Choosing the Right Sensor

With all of the different types of sensors available and so many manufacturers and vendors competing for your business sometimes it can be difficult or confusing to choose the correct sensor for an application. In many cases such as detecting the end position of a cylinder it is easy to simply choose the hall effect sensor or proximity switch suggested by the manufacturer. There are times this may not be such a good idea however; I remember using a lot of Phd cylinders on packaging equipment in the mid 90s. At this time they had some serious problems with PNP prox switches burning out in the field. Of course the vendor or manufacturer wasn’t going to tell you that there was a problem until it became widespread so we ended up learning by trial and error.

In the case of cylinders there is also the question of whether to sense the cylinder position or the tooling. This is often dictated by the mechanical configuration of the actuator, size of target, accessibility and ease of maintenance and the environment around the cylinder. There are times when even a fiber optic photoeye may detect a small flag or slot rather than using a prox or hall sensor.

Photoeyes can also present a wide variety of options. Besides the standard configurations of thru or opposed beam, retroreflective and diffuse there are further choices such as color of LED light, polarized retroreflective with a corner cube reflector, lasers, convergent beam or fixed-focus, clear object detection and a host of other special purpose sensors.

Limit switches are used for more rugged applications and also come from a wide variety of manufacturers and with a large range of sizes and configurations. Whisker switches, plungers and rollers are some of the types of limit switches used for product and actuator detection. There are also precision switches available with very short strokes and precise actuation points.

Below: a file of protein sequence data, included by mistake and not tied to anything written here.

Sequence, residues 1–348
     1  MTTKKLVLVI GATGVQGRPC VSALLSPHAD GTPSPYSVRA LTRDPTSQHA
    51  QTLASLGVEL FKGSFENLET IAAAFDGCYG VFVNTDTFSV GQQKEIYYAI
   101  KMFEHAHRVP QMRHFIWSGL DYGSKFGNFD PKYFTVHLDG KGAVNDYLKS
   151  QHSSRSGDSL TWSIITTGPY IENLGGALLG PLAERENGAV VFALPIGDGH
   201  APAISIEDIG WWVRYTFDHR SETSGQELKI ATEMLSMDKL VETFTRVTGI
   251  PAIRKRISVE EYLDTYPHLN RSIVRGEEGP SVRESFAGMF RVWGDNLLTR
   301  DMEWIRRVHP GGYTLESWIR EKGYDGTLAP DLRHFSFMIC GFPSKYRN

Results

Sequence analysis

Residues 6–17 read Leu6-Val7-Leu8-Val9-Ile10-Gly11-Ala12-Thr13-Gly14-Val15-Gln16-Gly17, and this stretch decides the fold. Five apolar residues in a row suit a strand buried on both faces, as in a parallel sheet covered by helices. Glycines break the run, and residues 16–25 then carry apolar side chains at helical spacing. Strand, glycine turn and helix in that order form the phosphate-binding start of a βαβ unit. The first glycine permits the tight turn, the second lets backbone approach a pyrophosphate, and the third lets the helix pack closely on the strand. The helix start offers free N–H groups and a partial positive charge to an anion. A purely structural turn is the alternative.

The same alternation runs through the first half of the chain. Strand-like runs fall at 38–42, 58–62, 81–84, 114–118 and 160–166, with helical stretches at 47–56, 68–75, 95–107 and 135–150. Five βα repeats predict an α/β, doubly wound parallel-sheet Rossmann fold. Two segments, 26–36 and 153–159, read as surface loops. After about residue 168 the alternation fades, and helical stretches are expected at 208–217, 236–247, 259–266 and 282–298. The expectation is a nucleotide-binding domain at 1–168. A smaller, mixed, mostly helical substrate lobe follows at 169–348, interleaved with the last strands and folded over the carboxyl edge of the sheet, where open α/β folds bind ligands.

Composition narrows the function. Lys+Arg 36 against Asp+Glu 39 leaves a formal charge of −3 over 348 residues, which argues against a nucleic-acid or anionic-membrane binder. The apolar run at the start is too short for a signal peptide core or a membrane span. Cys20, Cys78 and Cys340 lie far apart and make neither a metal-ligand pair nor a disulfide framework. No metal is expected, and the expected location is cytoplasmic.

Capacitive proxes are often used for level and non-metallic object detection. As with inductive proximity switches they come on a wide range of sizes and form factors, voltage types and materials.

Some things to think about when choosing a sensor:

  • What kind of object am I detecting?
  • How far away, what kind of material, can I contact the part?
  • How much space do I have for mounting? Is the sensor easily accessible?
  • What kind of voltage am I using for I/O?
  • What kind of environment is the sensor to be used in?
  • What kind of wiring method am I using? (conduit entry, cable, quick disconnect, etc.)
  • Are there special requirements such as color detection, background suppression or precise location?
  • Is it fast and easy to obtain a replacement in case of failure?
  • Sensors are discussed further in the Primer under sensors. Catalogs from some of the major manufacturers can also be quite useful as well as some of the distributor sales people. Of course they can be somewhat biased toward their own products but I suppose thats to be expected!


    Electrical Engineer and business owner from the Nashville, Tennessee area. I also play music, Chess and Go.

    1 Comment on “Choosing the Right Sensor

    1. A couple comments from my experience:

      When testing your sensors, try to find and test the widest variety of potential targets as possible. It’s easy to test a machine with the small number of sample parts, used over and over again. Then, when the machine hits production, it has problems because the real world parts are different (e.g. much more out of spec) than the test parts.

      The same sensor can act very differently with different targets; for example, Photo-Electric and fiber sensors will be affected by the target’s reflectivity. If you have to reliability detect a wide range of targets, it can be tough to find one setting that works for all. This leads to my second comment….

      I hate Photo-Electric amplifiers that don’t have a manual setting mode. For example, the Keyence PS01 setpoint can only be set using one of 4 calibration routines. When trying to detect a widely varying range of targets, it can be vary hard to get it set to work right in all cases. After wasting many hours setting up the PS01, I was ready to dump it for all future machines — until I checked my alternate vendors, and discovered none of them had an acceptable replacement with manual setpoint settings.